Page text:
A Teacher who gets it!

I was wandering around the educational blog world and I found this really simple looking site about math. As I looked around I found this post: http://new-to-teaching.blogspot.com/2016/06/clash-royale-and-unit-rates.html The person who wrote it is named Trevor Reech. Congratulations man! You get it! This article is about using a video game called Clash Royale. He uses this game to not only have students working with math on their interest level, but he gets them to think and problem solve. He makes them defend their decisions based on math and results of the game. He makes them WRITE!! OMG!! If anyone ever wants a real world example of how to use video games in a classroom this is a prime example of a job well done! Thanks Trevor for doing it the 21st century way. Share your thoughts with us by posting on Twitter, LinkedIn, or Facebook using the hashtag #DrRobAnswers!

Warning! Music Class Will Never Be the Same!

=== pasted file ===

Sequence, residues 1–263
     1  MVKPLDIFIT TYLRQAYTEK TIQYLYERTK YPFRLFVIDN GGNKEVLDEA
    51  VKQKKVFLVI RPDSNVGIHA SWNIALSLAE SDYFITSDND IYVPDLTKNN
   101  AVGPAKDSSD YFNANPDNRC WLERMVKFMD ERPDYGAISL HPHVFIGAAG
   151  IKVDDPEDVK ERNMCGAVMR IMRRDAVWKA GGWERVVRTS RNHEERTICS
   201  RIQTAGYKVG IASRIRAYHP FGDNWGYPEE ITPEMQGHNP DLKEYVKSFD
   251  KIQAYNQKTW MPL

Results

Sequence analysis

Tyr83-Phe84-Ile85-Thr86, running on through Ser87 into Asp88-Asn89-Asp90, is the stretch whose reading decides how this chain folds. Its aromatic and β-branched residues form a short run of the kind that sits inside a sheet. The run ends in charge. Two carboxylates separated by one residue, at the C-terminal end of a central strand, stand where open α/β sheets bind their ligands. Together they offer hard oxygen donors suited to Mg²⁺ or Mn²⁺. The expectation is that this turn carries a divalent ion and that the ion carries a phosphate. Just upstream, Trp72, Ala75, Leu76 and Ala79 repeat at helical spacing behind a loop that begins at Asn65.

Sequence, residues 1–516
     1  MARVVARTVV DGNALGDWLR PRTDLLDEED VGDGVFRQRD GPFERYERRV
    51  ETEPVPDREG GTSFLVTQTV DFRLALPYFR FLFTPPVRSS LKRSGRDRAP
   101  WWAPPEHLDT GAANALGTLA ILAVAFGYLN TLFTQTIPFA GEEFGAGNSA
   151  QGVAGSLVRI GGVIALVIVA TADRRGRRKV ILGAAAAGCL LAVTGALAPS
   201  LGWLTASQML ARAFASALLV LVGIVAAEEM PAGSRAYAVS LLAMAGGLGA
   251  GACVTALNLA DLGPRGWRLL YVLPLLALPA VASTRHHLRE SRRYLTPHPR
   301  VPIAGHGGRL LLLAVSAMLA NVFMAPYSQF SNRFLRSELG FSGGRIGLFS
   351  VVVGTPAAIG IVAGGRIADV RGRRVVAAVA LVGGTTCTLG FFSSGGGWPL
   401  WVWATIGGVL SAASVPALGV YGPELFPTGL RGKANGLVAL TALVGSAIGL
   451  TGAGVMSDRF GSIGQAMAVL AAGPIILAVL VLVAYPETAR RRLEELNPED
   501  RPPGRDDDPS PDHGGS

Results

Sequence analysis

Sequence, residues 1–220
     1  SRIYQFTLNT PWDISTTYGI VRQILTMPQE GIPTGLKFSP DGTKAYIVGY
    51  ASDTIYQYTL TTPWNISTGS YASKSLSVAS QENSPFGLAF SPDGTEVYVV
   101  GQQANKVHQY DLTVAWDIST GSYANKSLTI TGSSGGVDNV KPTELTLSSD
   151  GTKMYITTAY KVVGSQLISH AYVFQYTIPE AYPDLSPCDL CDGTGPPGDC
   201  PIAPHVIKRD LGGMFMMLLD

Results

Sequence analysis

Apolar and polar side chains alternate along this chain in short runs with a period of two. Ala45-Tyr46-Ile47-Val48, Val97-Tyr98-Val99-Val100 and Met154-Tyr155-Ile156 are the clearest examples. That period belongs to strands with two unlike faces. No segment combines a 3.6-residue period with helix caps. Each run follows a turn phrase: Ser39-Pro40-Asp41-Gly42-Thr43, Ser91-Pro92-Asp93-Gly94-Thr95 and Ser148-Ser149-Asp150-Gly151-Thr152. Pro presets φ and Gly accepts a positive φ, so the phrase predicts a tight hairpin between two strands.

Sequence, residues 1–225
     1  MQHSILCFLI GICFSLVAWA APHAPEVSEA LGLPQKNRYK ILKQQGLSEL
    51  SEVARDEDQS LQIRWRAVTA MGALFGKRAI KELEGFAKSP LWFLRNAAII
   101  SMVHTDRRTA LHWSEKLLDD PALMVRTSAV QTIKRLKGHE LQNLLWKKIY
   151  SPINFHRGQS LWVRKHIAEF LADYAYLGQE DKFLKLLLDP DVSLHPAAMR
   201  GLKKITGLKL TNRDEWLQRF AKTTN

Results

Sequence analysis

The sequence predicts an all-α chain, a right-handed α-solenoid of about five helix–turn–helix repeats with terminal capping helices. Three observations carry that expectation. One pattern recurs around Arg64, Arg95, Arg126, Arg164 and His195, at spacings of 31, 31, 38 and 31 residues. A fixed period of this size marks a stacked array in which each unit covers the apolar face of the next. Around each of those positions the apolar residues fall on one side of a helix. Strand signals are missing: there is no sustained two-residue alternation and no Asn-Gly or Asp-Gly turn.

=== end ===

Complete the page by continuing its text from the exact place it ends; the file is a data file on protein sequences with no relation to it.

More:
I have never been shy when it comes to asserting my opinions about the need for educators to “get with the 21st century program”. My recent post on the need for a video game curriculum met with a very positive response. This post is along the same lines and deals with accommodating students in the field of music with a video game curriculum. One of those video games is titled Rocksmith, and being a former music teacher, I found this to be a very exciting and innovative approach to teaching music. Rocksmith has its roots in the rhythm-style games of the late 90’s, such as Guitar Hero and Rock Band. Many gamers who were enjoying games like Guitar Hero were probably wondering, “Why don’t we use a real guitar to play these games”? Just imagine if kids were spending hours playing these rhythm games, and learning to play an instrument at the same time. I would venture to say that these kids would be rock gods! Used with Permission Ubisoft (the company who created Rocksmith) saw an opportunity to take these rhythm-style games and offer gamers the opportunity to become musicians. Thus Rocksmith was born. This is significant because for Read More …